Thoughts regarding the Impact Zone from the 2010 British Senior Open
Carnoustie is the oldest club in the world, founded in 1839, though then it was only 10 holes. Tom Morris later redesigned the course and made it 18 holes in 1870. Known as the most difficult of all the Scottish Courses on the Open rotation (averaging 1.33 strokes higher than the next toughest Royal Lytham), Carnoustie’s fairways are as tight to drive as they are tight lied. The fairways are mowed with greens mowers at less than a ¼ inch. The old grass has roots that seemingly dig down through the loaming, sandy links soil so deep as to have no end. Little water is needed to keep them alive. Big divots just don’t happen here.
Hitting off such short, tight grass posses a challenge for golfers of all skill levels, even the pro’s. Watching average golfers really struggling with their irons here is an everyday occurrence. Swing bottoms that are not 4 inches in front of the ball, don’t stand a chance here. The resulting fat and thin shots will send your scores sky-rocketing. Even the pro’s, with their 4 inch in front swing bottoms, still struggle to make solid contact. The ball is sitting so low on the grass, that even a perfect swing will result in a shot hit a groove or two lower than normal on the clubface. If you strike a wedge, for example, one inch behind the ball, the ball may only fly ½ the normal distance.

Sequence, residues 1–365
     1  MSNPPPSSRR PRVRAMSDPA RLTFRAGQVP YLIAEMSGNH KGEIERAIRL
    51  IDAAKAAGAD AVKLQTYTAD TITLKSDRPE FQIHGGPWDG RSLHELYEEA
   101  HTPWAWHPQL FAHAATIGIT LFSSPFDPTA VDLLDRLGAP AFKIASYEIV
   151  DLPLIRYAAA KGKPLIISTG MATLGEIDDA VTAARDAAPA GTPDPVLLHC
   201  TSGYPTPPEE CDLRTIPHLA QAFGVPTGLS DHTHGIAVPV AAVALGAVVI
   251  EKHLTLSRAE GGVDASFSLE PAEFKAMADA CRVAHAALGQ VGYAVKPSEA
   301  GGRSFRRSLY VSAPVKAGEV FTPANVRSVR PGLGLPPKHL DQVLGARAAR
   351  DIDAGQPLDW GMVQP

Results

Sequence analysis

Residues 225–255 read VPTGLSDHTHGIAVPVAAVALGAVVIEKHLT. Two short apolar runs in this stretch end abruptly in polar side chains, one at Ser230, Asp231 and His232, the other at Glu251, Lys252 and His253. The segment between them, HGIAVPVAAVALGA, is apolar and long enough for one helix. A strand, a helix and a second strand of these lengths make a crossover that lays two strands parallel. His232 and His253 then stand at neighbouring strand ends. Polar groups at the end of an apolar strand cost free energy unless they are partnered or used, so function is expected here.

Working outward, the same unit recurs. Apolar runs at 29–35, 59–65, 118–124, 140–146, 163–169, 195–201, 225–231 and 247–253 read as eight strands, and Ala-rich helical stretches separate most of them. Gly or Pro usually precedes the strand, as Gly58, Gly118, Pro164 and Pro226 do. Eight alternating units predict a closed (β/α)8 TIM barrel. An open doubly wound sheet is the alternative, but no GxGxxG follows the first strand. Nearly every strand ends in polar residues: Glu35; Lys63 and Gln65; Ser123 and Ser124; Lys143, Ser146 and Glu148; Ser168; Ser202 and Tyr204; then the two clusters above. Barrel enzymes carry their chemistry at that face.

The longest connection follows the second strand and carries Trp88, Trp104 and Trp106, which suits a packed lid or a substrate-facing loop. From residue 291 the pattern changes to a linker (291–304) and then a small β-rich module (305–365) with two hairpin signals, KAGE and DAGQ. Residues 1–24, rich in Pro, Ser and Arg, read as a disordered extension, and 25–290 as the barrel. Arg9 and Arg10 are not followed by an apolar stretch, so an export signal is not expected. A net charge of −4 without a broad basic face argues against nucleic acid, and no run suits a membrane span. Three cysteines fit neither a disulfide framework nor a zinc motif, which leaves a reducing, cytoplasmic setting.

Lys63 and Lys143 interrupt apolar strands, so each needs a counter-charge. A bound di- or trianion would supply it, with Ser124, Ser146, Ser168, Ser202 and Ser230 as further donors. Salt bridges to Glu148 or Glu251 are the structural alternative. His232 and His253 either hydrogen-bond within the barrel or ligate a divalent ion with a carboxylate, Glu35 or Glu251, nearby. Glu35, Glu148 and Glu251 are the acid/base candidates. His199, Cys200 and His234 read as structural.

I had finished my final round, shooting an even par 71, and was behind the 18th green watching as the groups behind me were finishing. Tom Watson had hit a proliflic drive on the downwind 18th and had a sand wedge from the fairway for his second shot. His wedge struck the ground about an inch fat, behind the ball, sending the ball looking like a wounded duck right into the barry burn, some 50 yards short of the hole. It was the type of shot you’re used to seeing high handicaps hit, but not a 5 time British Open Champion. Had Watson made the same swing and strike on the ball at his home course in Kansas City, the ball probably would have wound up 30 feet or so short of the pin, but not 50 yards short. That’s the difference of playing on fairways like those at Carnoustie.
I recommend bringing all your hybrids when you play golf in Scotland. They are more forgiving and have a lower center of gravity. The sole is designed to ride across the ground, not dig like an iron. If you hit behind the ball with a hybrid in Scotland, you’ll still get adequate results. If the strike is low on the face, you’ll still hit a decent shot. This was my thinking and the reason why I put two hybrids in my bag for the first time ever (3 and 4 hybrids).
And by the way, when you go to Scotland, stay at the Craigsanquhar. They have a beautiful restored mansion and now some gorgeous 3 bedroom cottages. And Billy is some kind of chef! And when you go, tell them Bobby sent you.